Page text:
DENVER (KDVR) — Should Colorado crack down on vaping?
Just last December, Denver Mayor Michael Hancock vetoed a city council measure that would have outlawed the sale of flavored nicotine products like vape juice and menthol cigarettes. After the plan in the Mile High City was thrown out, advocates of the ban are bringing it back – at the statehouse.
State lawmakers say they are trying to stop kids from getting their hands on flavored items to smoke, but unlike the Denver debate, opponents are now looking to another state effort as a reason for lawmakers to reconsider.
“I would say most of all what they have to listen to is what the voters told them to do in 2020, which was tax these products, these specific products, so that we can have universal pre-K,” said Phil Guerin, owner of the vape shop Myxed Up Creations. “And that is really part of the solution, and that’s the beginning of the real solution, which is educating our children.”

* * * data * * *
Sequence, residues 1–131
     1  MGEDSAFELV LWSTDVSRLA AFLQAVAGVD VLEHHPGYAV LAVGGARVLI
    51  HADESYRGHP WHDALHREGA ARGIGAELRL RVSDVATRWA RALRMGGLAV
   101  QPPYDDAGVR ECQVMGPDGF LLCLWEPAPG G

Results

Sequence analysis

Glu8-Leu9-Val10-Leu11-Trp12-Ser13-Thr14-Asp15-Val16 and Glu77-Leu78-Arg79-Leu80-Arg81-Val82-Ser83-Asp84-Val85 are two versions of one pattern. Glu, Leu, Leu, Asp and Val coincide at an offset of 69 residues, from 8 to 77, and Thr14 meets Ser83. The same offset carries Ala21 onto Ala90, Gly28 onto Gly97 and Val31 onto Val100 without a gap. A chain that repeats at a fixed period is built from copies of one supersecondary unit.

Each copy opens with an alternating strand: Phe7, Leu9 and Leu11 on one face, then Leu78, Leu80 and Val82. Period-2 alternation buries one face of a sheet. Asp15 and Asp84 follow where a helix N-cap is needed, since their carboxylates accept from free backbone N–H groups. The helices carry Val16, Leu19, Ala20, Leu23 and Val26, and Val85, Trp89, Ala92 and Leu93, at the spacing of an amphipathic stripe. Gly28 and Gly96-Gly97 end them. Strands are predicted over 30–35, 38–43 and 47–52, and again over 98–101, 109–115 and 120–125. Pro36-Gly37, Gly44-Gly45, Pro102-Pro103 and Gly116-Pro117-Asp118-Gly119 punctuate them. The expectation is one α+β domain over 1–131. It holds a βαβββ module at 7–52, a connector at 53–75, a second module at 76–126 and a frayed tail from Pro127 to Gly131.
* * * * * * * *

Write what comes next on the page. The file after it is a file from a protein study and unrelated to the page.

Opponents argue if the proposed flavor ban passes, the pre-K program could take a big funding hit, as it is a big driver for consumer sales. It is something lawmakers said they are taking into consideration.
“We always run that risk when we want to fund these important programs off of taxes like this that are vices. I think hopefully we start maybe getting away from that because I don’t think that’s probably the most appropriate way to fund these programs,” said state Rep. Kyle Mullica, D-Adams. “But I do think we have the ability to continue funding those programs with the budget we have this year.”
The bill would also create a grant program that would distribute $10 million of grant funding to help educate communities that have been unfairly affected by nicotine advertising and sales.
Folks have also been wondering why this bill is getting traction so late. It was introduced in January but only recently started moving. The bill sponsor said they were talking to industry stakeholders, but small vape shop owners FOX31 talked to said they were not included in those talks. If passed, shop owners would need to implement the changes by 2024.